Welcome to the second guide in our series of Legends of Runeterra (LoR) guides. To recap: I’ve been playing CCGs for years, but I’ve recently hit Masters on the EUW ladder in Runeterra and want to help the community improve. Now, let’s jump into today’s topic: Open Attack.
Much like my first guide on Initiative, this guide is intended for intermediate players and beginners, but basic knowledge of the game mechanics is useful.
Legends of Runeterra has something colloquially known as Open Attack, which is a pretty uncommon concept in other popular CCGs — again, just like the Initiative system, the closest comparison is actually Yu-Gi-Oh!.
Understanding Open Attack is vital to improving at the game, and it requires some advanced knowledge of LoR’s regions and meta decks, but it’s absolutely invaluable to climbing.
To summarise, briefly: Open Attacking is the action of attacking at the start of your turn, before allowing your opponent the chance to respond to your board.
In many other CCGs, attacking ends your turn, making this a pretty poor option if you have anything else in your hand that you could play.
In LoR, however, you can still spend your mana to summon followers or cast spells after you’ve attacked. This opens up interesting possibilities to outplay your opponent and swing unfavorable matchups in your favor by denying their biggest threats.
Let’s dig in.
Burst vs. Fast vs. Slow
To utilize Open Attack properly, we need to understand the difference between Slow, Fast, and Burst cards.
Burst and Fast are keywords unique to spell cards in LoR. Burst spells can’t be responded to immediately by your opponent, while Fast spells can only be replied to with Fast or Burst spells (within the same interaction).
For the sake of discussing Open Attack, we’ll group these together when describing “Fast-speed threats.”
Slow spells can also be responded to with Fast or Burst spells, but they notably cannot be used during combat. They also cannot be used to respond to one of your opponent’s actions. For this reason, Skills generated from units are also considered as Slow-speed threats.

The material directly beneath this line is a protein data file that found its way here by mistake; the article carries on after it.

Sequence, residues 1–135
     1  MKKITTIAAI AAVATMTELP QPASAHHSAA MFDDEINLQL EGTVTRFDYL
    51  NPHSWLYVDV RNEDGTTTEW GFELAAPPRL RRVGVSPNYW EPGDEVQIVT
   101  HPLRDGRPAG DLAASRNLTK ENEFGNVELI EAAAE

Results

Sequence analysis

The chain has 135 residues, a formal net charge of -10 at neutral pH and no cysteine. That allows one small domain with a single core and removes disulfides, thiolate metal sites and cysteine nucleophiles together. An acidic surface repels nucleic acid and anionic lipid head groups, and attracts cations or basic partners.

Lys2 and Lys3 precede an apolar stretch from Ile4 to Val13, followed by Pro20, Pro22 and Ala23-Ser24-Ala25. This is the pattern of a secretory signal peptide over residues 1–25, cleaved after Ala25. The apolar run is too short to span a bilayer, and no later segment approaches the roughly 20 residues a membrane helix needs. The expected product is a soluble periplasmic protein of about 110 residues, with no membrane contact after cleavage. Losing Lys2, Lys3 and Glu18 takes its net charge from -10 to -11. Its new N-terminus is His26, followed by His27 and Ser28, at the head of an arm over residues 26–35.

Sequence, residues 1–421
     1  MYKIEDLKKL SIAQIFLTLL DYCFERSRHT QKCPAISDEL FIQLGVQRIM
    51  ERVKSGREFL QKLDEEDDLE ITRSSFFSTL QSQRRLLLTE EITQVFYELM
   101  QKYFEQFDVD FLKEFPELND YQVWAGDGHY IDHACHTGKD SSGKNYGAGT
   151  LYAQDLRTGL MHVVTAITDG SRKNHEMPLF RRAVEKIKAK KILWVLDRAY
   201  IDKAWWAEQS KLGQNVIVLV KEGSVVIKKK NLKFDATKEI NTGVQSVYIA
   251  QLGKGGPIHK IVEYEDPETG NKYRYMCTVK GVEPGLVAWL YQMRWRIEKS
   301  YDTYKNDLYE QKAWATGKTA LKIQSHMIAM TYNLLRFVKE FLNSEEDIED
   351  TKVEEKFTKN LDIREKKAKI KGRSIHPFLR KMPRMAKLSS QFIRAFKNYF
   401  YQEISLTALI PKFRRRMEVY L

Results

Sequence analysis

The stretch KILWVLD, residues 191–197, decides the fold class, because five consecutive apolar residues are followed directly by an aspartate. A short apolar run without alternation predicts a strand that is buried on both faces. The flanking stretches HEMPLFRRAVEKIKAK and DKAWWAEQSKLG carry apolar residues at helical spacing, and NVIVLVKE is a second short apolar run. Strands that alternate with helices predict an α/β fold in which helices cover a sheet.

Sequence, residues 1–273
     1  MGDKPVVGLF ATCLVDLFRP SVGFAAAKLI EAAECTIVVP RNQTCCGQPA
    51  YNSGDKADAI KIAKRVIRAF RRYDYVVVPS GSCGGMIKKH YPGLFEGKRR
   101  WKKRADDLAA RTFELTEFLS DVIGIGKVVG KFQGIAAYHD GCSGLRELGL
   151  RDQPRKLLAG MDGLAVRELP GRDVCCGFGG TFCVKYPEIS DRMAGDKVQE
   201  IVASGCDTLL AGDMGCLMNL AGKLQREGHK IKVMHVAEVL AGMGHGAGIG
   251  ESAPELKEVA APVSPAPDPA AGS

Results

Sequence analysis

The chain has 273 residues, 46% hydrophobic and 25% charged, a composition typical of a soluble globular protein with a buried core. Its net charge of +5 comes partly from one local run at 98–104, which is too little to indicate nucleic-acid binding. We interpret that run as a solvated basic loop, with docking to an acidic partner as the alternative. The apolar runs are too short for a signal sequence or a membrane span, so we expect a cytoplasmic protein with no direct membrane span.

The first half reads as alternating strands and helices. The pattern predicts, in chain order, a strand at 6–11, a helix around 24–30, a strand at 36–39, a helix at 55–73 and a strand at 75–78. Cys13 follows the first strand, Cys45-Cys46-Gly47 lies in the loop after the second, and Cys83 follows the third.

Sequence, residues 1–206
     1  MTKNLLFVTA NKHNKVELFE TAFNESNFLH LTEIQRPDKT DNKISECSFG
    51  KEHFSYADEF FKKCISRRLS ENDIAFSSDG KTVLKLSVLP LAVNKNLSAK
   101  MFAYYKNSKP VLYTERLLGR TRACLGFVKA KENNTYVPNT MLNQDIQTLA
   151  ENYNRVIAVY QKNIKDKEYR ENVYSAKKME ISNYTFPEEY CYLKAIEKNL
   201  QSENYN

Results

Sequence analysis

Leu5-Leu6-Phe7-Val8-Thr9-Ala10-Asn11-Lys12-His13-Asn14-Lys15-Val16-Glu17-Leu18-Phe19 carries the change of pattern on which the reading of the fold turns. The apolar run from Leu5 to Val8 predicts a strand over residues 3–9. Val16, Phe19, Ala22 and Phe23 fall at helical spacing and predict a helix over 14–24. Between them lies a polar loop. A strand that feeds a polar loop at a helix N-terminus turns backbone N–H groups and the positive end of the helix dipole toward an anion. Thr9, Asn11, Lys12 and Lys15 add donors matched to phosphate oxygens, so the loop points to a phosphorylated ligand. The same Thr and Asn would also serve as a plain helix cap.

Do you see where we’re going with this?
You can deny some value of your opponent’s Slow-speed threats by attacking with the first action of your turn — or “Open Attacking”.
A good example of this is Arachnoid Sentry, a card that’s popular in Noxus/Ezreal and Noxus/Spider decks. When facing these decks, summoning a unit before attacking is risky, as your most valuable attackers are likely to be stunned.
In other terms, your opponent is getting a positive trade by stunning one of your potential attackers, while also adding another blocker to the board. This heavily incentivizes you to Open Attack instead of summoning more units at the start of your turn.
Similarly, Avalanche is a Slow spell that also punishes you for developing more units to the board. Figuring out what Slow threats your opponent might have is key to deciding whether you should Open Attack or not.
If we examine Fast threats — such as Statikk Shock or Spirit’s Refuge — these can threaten your gameplan before or during battle. Against decks that run these cards, therefore, it’s often better to summon additional units, as it creates extra threats for your opponent to worry about during combat.
Harsh Winds is a good example of a Burst-speed threat to watch out for against Freljord decks, too.
Other Factors & an Actionable Example
There are, of course, other reasons why Open Attacking may or may not be the ideal play; let’s look at an example.
In the game above, I’m playing Karma/Ezreal against a Karma/Thresh deck. They have 5 mana to spend, which will almost definitely be spent on a blocker if I decide to play more units.
More importantly, however, I have a Chempunk Pickpocket on my field. Pickpocket’s ability to steal spells is incredibly useful, so taking the chance to Open Attack here is always best.
My opponent is likely going to have to play Withering Wail if they want to stop my attack, which is an excellent trade for me as they can’t heal their Nexus above 20, and it would leave me free to develop Karma and start generating free spells without fear of interruption.
The decision of whether or not to Open Attack should also be dictated by how many of their threats have already been used. In the example above, another threat that could stop my attack is Vile Feast.
My opponent had already played one copy of Vile Feast in an earlier turn, though, so playing around the possibility of them having a second copy that early into the game isn’t really worth it.
Vile Feast is also a Fast-speed threat, and Karma/Ezreal isn’t a deck that wants to prioritize early damage, so all signs point towards an Open Attack being the ideal play for that example.
Another key factor to consider is whether you’re ahead of your opponent or behind them in terms of your respective win conditions. This will be the topic of another of our upcoming guides, so be sure to check GameSkinny regularly for more LoR content!